Thai Traditional Dance
As we took the tuk-tuk from Siem Reap to Chong Kneas, we could definitely see the landscape change. From the city, hotels and restaurants turned to shacks on stilts. I’m shocked people live in these structures, they seem to offer no protection against the elements, but there were people in them and once in a while I’d see a tv playing.
We traded our tuk-tuk for a boat to get into the town. The townspeople are predominately Vietnamese, who fled Vietnam during the war. Everything in the town, including our boat, is handmade. Despite the many tourist boats going through the town, there is nothing touristy about it.
Three boys were entertaining the tourists by jumping off the top of this boat. Every time another boat went by, they were sure to entertain. They never asked for any money, but a Chinese tourist with a telephoto lens gave them each a few bucks. Then she made requests for more backflips!
I noticed that some of the buildings had solar panels. My guide said that without them they wouldn’t have electricity. They used to have to take batteries to get charged up for $1/day. Now they can buy solar panels for $300 on a 20-year payment plan.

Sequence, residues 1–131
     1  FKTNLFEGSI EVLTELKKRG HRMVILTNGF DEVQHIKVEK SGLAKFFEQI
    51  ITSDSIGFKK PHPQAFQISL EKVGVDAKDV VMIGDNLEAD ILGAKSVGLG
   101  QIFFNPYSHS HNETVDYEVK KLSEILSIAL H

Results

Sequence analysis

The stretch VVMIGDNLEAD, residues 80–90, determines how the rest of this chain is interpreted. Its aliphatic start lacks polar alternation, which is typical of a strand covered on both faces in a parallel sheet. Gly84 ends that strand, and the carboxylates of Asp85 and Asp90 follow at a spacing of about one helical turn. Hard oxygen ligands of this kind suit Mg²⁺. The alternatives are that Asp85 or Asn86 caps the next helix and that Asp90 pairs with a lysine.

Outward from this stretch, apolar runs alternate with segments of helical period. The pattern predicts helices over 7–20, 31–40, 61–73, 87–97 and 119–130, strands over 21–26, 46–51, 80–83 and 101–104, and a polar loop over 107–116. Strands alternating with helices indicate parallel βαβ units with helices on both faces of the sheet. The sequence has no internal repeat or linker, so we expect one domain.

My guide gave me a two minute history lesson, and included some of his own personal stories. He was born in 1982, and every day on the way to school, he’d climb the trees to pick fruit because there wasn’t enough to eat. Even at 10 years old, they slept in ditches instead of their homes because of nighttime bombings. His village was hit, and all the building were destroyed except for his home because a bag of rice stopped the fire from spreading.
During the Khmer Rouge’s regime (1975-1979), a quarter (about 2 million) of Cambodia’s people perished to mass execution, disease or famine. Now, 75% of their population was born after 1979.
“Artisans Angkor is a Cambodian social business whose purpose is to create job opportunities for young people living in rural areas, while at the same time reviving traditional Khmer craftsmanship (stone and wood carving, painting on statues and on silk, lacquering, and silver plating).“, says Wikipedia. Huh. I did not get that from my private tour. I just got that it was a school for artisans.
My Artisan Angkor guide showed me various materials used for carvings, included soap stone. I told him that Canadian aboriginals also made carvings from soap stone. I lost him at “aboriginals”, so I said “Indians”. “From India?”, he asked. Uh-oh, how am I going to explain this? “No, the Canadians who have always been in Canada.” “Red skins?”, he asked. “Yes”, I laughed because I knew I could not explain political correctness. “I’ve never seen that before,” he told me. “Well, they’re like you.”, I said pointing to his skin, “and me.”, I added. I don’t think he believed me. “But the language is the same as India?” Oh dear.